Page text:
The Future of Microsoft 365 Could be Taos
Microsoft 365 is a subscription that Microsoft hopes every company will eventually adopt as it is the complete package of the company’s productivity and security solutions. While that goal may be ambitious as not every organization wants or is willing to pay for the solution, the long-term future for the company is certainly Software-as-a-Service which means there needs to be a solution in place if Windows is not the foundation of the modern enterprise.
We know that Microsoft is already looking at a future where Windows isn’t the primary operating system as the company is launching its first Android-based device next month. Further, the company has been developing its Office applications for macOS, iOS, and Android for several years.
But Microsoft is looking to future that is further out on the horizon and internally, the company is calling the team behind this endeavor, Taos. Thanks to a job posting spotted by Tero on Twitter, Taos has the objective of “transitioning our productivity business to the cloud, rationalizing our apps and services across markets and segments, and meeting users where they are by bringing our experiences to every device platform.”
Further, the job description says “We aspire to create a platform on top of that foundation – one oriented around people and the work they want to do rather than our devices, apps, and technologies. This vision has the potential to define the future of Microsoft 365 and make a dramatic impact on the entire industry. “
Say Goodbye to Traditional PC Lifecycle Management
Traditional IT tools, including Microsoft SCCM, Ghost Solution Suite, and KACE, often require considerable custom configurations by T3 technicians (an expensive and often elusive IT resource) to enable management of a hybrid onsite + remote workforce. In many cases, even with the best resources, organizations are finding that these on-premise tools simply cannot support remote endpoints consistently and reliably due to infrastructure limitations.
This team name was uncovered by WalkingCat who saw references to MetaOS that is described as Microsoft 365 OS. If you combine these two bits of information, it looks like Microsoft is trying to create a way to run the Microsoft 365 suite without being directly attached to Windows.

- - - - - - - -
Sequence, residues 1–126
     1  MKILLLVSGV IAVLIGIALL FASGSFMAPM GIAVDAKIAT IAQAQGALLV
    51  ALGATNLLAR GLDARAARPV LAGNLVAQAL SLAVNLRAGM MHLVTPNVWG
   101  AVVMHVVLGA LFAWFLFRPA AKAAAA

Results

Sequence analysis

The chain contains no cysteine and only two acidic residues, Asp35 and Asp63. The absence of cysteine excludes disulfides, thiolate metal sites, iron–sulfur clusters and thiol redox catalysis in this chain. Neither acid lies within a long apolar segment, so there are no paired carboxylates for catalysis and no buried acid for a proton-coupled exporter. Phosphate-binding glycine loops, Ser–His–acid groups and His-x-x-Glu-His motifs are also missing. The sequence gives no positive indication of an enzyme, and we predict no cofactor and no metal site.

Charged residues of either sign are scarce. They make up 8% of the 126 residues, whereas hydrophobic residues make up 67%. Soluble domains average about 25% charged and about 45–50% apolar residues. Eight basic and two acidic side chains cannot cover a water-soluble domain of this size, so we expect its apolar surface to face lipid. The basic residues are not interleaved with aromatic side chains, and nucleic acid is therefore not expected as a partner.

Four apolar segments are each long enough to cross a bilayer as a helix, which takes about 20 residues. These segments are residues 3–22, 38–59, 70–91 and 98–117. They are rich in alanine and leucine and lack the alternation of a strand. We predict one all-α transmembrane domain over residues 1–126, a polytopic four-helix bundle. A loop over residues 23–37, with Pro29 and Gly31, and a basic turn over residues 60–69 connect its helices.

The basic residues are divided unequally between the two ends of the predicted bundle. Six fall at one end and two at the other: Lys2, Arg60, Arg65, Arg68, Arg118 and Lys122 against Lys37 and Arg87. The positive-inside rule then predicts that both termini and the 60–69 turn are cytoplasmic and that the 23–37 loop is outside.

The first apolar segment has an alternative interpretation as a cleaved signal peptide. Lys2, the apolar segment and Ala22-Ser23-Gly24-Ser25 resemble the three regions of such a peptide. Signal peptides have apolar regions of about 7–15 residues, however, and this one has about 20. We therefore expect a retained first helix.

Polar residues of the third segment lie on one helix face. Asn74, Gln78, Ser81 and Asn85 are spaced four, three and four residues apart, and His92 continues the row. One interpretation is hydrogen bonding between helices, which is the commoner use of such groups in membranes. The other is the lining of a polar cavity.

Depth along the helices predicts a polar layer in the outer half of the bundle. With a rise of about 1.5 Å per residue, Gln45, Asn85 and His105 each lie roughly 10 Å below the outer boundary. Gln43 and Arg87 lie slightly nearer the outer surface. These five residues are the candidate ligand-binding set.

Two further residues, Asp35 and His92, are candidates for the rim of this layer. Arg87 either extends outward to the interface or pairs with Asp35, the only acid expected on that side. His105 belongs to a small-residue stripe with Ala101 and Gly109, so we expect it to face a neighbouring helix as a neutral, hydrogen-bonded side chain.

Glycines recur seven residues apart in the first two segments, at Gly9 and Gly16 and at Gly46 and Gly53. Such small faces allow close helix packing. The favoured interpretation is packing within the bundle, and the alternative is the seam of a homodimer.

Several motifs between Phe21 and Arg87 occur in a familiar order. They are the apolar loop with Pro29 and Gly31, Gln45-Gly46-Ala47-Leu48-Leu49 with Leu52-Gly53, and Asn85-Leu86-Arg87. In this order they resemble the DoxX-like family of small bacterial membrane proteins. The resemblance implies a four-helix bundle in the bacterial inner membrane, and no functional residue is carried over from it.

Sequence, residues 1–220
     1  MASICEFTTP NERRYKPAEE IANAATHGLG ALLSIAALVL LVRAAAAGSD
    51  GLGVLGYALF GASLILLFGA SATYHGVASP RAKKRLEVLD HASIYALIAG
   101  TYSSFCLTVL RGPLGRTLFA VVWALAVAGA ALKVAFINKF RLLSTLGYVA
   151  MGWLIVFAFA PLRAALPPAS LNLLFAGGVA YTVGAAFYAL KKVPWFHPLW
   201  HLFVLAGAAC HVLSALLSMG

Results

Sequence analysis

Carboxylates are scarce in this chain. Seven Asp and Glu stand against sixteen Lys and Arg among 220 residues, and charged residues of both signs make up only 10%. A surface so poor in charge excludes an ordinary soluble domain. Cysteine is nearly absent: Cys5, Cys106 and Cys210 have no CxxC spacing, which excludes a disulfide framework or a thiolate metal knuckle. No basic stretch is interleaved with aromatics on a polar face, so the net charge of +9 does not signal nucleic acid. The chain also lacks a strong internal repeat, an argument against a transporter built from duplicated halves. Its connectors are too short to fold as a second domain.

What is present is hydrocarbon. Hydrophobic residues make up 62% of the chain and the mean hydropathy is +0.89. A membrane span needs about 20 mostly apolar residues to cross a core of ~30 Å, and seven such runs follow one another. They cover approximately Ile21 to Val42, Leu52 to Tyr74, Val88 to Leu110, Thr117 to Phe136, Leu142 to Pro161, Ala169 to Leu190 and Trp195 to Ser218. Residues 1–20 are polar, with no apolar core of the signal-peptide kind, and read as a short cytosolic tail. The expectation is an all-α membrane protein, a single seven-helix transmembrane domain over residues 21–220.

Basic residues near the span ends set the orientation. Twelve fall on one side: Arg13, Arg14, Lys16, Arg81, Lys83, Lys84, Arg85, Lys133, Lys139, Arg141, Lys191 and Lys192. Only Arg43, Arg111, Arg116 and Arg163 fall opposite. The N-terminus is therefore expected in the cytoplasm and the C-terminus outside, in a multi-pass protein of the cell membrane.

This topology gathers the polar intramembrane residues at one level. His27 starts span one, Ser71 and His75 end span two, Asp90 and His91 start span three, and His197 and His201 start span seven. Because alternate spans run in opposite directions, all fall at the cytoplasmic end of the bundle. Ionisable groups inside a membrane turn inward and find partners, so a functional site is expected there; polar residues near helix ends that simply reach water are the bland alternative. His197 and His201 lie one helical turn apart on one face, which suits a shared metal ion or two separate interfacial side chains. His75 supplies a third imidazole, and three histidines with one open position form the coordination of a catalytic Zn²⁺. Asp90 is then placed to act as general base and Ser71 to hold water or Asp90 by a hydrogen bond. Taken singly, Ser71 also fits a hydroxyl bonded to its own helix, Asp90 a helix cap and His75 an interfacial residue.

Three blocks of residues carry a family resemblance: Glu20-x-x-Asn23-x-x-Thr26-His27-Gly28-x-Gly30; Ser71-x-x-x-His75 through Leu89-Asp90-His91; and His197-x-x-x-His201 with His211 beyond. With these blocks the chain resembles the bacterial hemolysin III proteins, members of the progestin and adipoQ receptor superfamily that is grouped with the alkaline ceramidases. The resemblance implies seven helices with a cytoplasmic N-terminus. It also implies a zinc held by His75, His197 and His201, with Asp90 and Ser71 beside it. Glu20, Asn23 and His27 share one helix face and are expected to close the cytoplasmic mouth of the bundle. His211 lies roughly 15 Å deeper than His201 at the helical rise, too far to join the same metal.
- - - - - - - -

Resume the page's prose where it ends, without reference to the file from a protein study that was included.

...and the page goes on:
How could this manifest? Well, we know Microsoft is working on a Cloud PC that runs in Azure and this could all be intertwined. A virtualized cloud service that doesn’t replace the host OS of the device you are running but allows you to authenticate to the platform (Taos potentially) that runs the MetaOS, or Microsoft 365 experience.
The goal of this type of solution would be to offer the complete Microsoft 365 portfolio of solutions, with all of the features and functionality that you receive on a Windows device, but abstracted from the actual hardware and device OS. Think of it almost like a productivity container that you can authenticate into, access all your corporate data and apps, from an Android, iOS, Chrome OS, or macOS device, while paying Microsoft for the functionality.
Microsoft knows that Windows will not always have the market share that it does today for the desktop and the mobile ecosystem has almost fully been conceded to Android and iOS. How does Microsoft 365 survive in a world where everyone is using ChromeOS as their desktop or macOS? That’s the solution that Microsoft is building towards, I believe, with Taos/MetaOS/CloudPC offerings.
If Microsoft can truly build this type of service, running on Azure, they are not breaking any new ground. Other vendors have offered similar solutions for years but Microsoft’s approach appears to be more ambitious than what we have seen from existing providers.
Microsoft wants its SaaS solutions available on every platform and available to users regardless of their choice of hardware and OS. Today, the company makes it possible to run the entire Office suite, in some capacity, on other platforms besides Windows but it’s still not quite the same level of fidelity when compared to the Windows applications – that needs to change if Microsoft wants to thrive in the productivity workspace of the future.